What has Academic Torrents been working on? Tools! We are making a bunch of tools! Here is the first of many documents describing our suite of utilities.

One major problem faced while working with data is moving it onto shared computing systems in order to process it.  Tools like scp, rsync, and ftp work to move data from point to point and have facilities for partial transmissions. Using the BitTorrent (BT) protocol to transfer data has many advantages that currently are hard to leverage of on shared computing systems. The tool atdown addresses these shortcomings by:

  • Downloading from many locations at once. Cache nodes can be set up close to the system to increase speed further.
  • Partial transmissions are part of the protocol which makes restarting a download trivial.
  • Validation of existing data to ensure integrity and completeness.


This tool is currently still in development but it’s at a working state! Go here to find instructions on downloading and installing it: https://github.com/AcademicTorrents/AcademicTorrents-Downloader


Shared computing systems typically present an SSH/SCP server running a POSIX system. Typically they also include curl, wget, java, gcc, and other build tools. The tool atdown is a pure java download tool that is designed to run on every shared computing system. This utility is tightly integrated into the Academic Torrents index and aims to act as a storage abstracted filesystem. For example below we run:

atdown ls

which lists all collections in the system which can be thought of as folders.

 

Screen Shot 2014-07-17 at 9.50.00 AM

 

Each collection can have it’s entries listed with the ls command. For example we can run

atdown gnu-radio-rf-captures ls

to list the RF captures that have been included in this collection.

 

Screen Shot 2014-07-17 at 9.52.14 AM

 

One reason for having a command line tool is to use other command line tools! Here we list all the NOAA datasets with

atdown noaa-datasets ls

and then grep for a specific USAF number of 010980. We will soon be building this grep feature directly into the program to allow selective downloading of files matching a regular expression or simple * selector.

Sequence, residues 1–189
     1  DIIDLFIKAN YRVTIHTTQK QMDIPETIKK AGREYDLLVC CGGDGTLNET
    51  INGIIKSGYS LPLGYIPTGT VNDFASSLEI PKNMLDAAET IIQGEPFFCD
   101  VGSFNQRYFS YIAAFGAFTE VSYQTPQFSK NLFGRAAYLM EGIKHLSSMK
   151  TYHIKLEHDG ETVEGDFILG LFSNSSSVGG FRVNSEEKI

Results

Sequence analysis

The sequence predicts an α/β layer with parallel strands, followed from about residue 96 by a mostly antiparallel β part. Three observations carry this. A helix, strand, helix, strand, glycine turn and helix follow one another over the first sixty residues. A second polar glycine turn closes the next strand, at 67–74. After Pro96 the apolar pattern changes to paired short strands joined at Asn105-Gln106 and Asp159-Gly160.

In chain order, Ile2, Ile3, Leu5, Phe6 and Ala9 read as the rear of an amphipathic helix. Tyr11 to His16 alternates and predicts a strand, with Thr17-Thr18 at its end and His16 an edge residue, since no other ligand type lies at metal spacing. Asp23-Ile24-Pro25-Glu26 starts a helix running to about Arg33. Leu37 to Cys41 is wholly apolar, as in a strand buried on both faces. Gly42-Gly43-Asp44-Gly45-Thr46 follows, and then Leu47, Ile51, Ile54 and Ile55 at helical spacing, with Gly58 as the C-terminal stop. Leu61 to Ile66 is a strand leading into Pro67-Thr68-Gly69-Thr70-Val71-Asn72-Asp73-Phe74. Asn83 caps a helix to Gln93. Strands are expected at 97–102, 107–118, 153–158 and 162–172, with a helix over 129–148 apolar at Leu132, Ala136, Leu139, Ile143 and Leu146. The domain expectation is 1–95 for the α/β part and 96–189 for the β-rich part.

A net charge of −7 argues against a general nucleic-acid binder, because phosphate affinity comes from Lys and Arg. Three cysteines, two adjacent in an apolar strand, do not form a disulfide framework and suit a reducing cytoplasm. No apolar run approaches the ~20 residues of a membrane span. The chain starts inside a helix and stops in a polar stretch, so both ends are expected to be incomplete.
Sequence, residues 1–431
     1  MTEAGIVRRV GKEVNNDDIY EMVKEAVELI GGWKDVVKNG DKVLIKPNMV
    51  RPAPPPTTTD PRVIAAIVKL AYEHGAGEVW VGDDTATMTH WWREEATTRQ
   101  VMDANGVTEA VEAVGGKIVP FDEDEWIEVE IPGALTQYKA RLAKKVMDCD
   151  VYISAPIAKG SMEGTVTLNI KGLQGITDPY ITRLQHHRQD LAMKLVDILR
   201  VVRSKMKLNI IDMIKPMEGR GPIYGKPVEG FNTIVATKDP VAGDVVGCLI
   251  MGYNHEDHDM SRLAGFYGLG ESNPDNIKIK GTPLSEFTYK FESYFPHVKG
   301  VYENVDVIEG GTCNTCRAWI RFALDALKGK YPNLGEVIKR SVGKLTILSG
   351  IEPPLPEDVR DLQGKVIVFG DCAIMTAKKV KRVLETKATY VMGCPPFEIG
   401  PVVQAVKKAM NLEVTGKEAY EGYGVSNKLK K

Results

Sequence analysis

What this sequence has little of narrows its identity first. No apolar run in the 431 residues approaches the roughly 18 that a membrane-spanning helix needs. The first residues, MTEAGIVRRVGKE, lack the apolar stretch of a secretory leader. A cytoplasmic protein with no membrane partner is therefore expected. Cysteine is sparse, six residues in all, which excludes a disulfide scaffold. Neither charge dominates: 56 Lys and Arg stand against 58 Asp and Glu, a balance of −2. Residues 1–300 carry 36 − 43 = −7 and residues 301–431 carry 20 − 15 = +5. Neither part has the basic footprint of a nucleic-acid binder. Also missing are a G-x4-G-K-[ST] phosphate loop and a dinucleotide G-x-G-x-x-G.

Screen Shot 2014-07-17 at 9.53.09 AM

 

So now we can go over using it to download files. The tool can be run by simply specifying an infohash or a collection url-name such as:

atdown gnu-radio-rf-captures        #Download all files in the gnu-radio-rf-captures collection
atdown 30ac2ef27829b1b5a7d0644097f55f335ca5241b   #Wikipedia 20130805
atdown e3e68948b2e01b01a415740cb6fa6fe918c971ac   #NOAA Weather 2011

The tool will startup and go through the following steps:

  • Obtain metadata (will cache locally)
  • Check existing data (Using cryptographic hashing to determine if data is corrupted)
  • Contact mirror locations to receive needed data
  • Update every second inline with domains of most high speed mirrors (works in GNU screen)
  • Verify that all data was downloaded correctly

 

Screen Shot 2014-07-15 at 2.26.28 PM

 

Lets explore a use case using the atdown tool. The dataset known as “Wikipedia English Official Offline Edition (version 20130805)” contains a offline version of Wikipedia in a compressed XML format. Compressed the data is 9.38GB.

The hosting for this dataset is provided on many HTTP, FTP, and BT mirrors which are both Wikimedia and community run.The data is dispersed globally and plotted below as yellow dots. Over about 8 months of 2014 there have been 785 downloads. This is a total of 7.36TB transferred for this single file.

 

Screen Shot 2014-07-15 at 5.23.06 PM

 

The global distribution of the data grants us two things:

  • Persistent availability of the data because we don’t rely on one hosting source. This is transparent because the hosting is always abstracted.
  • Faster download speeds via proximity to a mirror location and by aggregation of download sources.

To demonstrate the power of this tool it was used in two locations (Boston, MA and Atlanta, GA) to show how changing the distance to mirror locations is mitigated when using our model.

Note: The tool displays sizes in Bytes not Bits so 8.9MB/s == 71.2Mb/s!

 

Screen Shot 2014-08-12 at 1.04.47 PM

 

Here is a demo running on the XSEDE shared computer system. We are able to achieve 36.4MB/s (291.2Mbit/s) of speed at the middle of the download:

 


Please leave your feedback below!
Or submit issues and feature requests here: https://github.com/AcademicTorrents/AcademicTorrents-Downloader/issues

 

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